Windass Cuts Up Rough About Smooth Move To Hull

It was anticipated that Dean Windass’s move from Bradford City would go without a hitch and it probably would have done but for a missing zero. City want £250,000, Hull have offered £25,000. No one is happy.

Julian Rhodes maintains that City are not going to seel a Championship quality player for a cut down price, Windass complained about City “moving the goalposts” – lovely football metaphor fom the big man – while Hull manager Phil Brown maintains that City suggested that they loan payment the Tigers (Tiger-Ra-Ra-Ra) made for the home town hero should be knocked off the £250,000 tag. Rhodes would probably say it has been. Perhaps Rhodes will suggest Hull take the £25,000 to Milton Keynes Dons and see how close it gets them to signing Izale McLeod who is perhaps the only comparable goalscorer in the league.

Windass is frustrated and calls the price tag an absolute joke but after two administrations and many staff losing jobs few are laughing at Valley Parade when it comes to finance. Windass has two years left on his City contract and the Bantams pay him something around £85,000 a year. Simple maths suggests that any bid less than £170,000 less than the Bantams value the player at – that sort of figure that Windass would be looking at spending if he wanted to buy himself out of his deal at Valley Parade to move abroad – is bound to be rejected but Windass wants age considering and his desire to play at his home town club.

For Hull’s part £250,000 is probably more than they would want to pay for a player with no resale value but resale value on footballers is an increasingly outmoded concept. Reading signed Steve Sidwell from Arsenal for nothing which was exactly how much they got from Chelsea for him when he left having rejected a new contract with the Royals. For the wages they paid him they got a contribution to a promotion and another year the Premiership which represents decent value in anyone’s book. It is this model – not the idea of footballer as resaleable asset – that is taking hold in the game and be is £250,000 or £25,000 that The Tigers spend on Windass they would be advices to spread that cost with the players £1,000 a week as a liability cost of ownership but I’m sure Adam Pearson does not need a lesson in football accounting from me. He was smart enough to get out of Leeds before the money ran out.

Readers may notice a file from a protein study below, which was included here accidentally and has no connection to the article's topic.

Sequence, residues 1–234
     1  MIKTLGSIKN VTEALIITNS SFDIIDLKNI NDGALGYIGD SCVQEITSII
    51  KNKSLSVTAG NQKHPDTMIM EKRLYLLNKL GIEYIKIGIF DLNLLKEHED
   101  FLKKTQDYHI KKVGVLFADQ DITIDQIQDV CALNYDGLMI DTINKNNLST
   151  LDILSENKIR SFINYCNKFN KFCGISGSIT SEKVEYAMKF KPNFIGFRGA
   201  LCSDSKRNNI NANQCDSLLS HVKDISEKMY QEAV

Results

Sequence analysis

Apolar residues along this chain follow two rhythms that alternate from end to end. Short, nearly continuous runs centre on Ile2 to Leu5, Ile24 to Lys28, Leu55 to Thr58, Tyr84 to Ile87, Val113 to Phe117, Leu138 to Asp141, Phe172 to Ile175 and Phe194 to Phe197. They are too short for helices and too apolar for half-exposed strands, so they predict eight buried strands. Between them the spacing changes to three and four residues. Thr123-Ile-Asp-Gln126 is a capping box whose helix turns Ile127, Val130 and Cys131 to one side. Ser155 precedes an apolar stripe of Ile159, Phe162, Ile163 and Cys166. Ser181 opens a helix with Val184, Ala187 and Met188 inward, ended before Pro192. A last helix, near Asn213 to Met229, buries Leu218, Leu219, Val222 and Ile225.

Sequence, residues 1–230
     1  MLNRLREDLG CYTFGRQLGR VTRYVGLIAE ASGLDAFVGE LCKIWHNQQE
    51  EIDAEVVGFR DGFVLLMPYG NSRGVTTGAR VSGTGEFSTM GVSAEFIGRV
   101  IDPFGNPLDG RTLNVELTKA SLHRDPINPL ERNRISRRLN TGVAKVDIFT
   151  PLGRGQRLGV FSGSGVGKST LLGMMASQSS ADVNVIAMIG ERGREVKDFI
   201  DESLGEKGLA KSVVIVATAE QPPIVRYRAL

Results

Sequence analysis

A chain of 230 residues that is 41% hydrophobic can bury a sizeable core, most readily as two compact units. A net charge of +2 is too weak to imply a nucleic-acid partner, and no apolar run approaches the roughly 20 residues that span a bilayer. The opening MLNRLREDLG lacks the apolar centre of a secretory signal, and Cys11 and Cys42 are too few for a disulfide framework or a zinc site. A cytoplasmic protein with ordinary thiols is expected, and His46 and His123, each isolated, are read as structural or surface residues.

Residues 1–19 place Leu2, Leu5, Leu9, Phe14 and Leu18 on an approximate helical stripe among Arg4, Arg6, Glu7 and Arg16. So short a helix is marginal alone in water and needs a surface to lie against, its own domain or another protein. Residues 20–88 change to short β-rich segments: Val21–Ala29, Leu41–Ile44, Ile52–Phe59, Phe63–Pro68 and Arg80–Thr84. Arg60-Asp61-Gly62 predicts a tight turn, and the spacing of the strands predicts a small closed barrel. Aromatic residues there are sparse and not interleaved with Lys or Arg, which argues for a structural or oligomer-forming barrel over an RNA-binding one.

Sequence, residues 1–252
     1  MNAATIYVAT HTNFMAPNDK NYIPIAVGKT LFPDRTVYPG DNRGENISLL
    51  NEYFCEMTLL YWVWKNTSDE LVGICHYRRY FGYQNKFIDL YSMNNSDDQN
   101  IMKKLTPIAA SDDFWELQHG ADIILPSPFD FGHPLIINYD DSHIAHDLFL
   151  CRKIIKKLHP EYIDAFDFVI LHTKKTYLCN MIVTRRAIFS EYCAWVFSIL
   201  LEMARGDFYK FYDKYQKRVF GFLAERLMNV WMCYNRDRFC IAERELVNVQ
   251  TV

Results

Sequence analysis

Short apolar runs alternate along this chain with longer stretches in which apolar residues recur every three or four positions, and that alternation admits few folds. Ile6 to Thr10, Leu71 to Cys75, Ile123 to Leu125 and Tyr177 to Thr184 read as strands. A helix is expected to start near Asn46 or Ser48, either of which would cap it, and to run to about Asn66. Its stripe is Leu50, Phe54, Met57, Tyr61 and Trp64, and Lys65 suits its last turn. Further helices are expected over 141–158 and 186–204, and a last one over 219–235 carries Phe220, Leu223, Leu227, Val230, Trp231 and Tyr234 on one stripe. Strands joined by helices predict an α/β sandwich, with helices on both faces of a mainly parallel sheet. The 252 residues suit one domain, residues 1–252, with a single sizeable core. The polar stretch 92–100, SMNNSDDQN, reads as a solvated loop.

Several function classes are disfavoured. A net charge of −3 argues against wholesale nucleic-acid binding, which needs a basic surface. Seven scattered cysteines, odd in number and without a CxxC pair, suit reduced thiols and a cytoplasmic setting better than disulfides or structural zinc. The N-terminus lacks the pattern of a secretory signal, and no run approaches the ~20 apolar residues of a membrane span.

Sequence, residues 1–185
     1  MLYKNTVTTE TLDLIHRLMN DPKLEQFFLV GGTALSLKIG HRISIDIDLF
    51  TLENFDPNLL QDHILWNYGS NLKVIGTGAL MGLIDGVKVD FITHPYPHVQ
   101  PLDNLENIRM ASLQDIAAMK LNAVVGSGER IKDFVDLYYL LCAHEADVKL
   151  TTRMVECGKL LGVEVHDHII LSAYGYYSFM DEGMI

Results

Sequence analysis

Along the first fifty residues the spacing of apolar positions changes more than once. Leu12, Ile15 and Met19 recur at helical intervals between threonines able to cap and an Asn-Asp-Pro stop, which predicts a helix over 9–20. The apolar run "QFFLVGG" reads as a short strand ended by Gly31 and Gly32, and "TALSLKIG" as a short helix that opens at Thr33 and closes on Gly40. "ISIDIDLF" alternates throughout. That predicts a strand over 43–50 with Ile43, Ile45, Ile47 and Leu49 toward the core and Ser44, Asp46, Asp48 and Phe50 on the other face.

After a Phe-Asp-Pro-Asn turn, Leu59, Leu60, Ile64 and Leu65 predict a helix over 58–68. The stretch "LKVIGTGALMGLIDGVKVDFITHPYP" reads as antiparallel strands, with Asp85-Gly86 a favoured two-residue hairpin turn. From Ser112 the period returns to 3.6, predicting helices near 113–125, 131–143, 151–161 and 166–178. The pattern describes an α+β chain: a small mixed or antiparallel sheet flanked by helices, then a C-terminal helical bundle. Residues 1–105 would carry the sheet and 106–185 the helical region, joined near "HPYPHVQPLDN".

Is £250,000 a joke for Windass? Is £25,000? One rumour has it – and we stress that this is little more than idle gossip – that Jan Molby had run up a phone bill of £42,000 in three months when he was fired by Hull City which he expected and got the club to pick up. This is a world where people sweated blood to raise that sort of cash to keep clubs up and down the land in business.

Were the positions reversed and Hull were returning our talisman then no doubt different views would be taken but as it is the men in the East hold all the cards: they are two divisions higher, have more money and have the will to take the player to the KC Stadium. City have Windass and that rules all.

The strikers options are limited should a deal not be struck. He could threaten retirement unless he is allowed to join but such a move would only work as leverage to get the Bantams to allow him to leave for as little as he wants to and while no one has ever accused Deano of having the greatest reason he will at some point begin to wonder what the purpose of his move is if Hull are not prepared to offer the going rate for him? How valued would Dean Windass be at his new club if they only wanted him on the cheap? How many games can he expect to get in the next two years if he is considered a nice-to-have player rather than the first name on Stuart McCall’s team sheet?

One can assume that Windass’s anger at City for demanding big money is equaled by Hull’s instance that he is only worth small potatoes. Without Windass Hull would probably be back in the bottom two divisions – isn’t that worth £225,000?

Or is Windass’s return a sop to supporters who want to see the Lionesque forward reduced to a bit part player poked onto the stage for their amusement. Surely Dean Windass is not going to be reduced to a cameo ten minutes at the end of a Championship game so that the Tigers can applaud their hero but not reward him with the ninety plus games he has left in the next 24 months of his football career.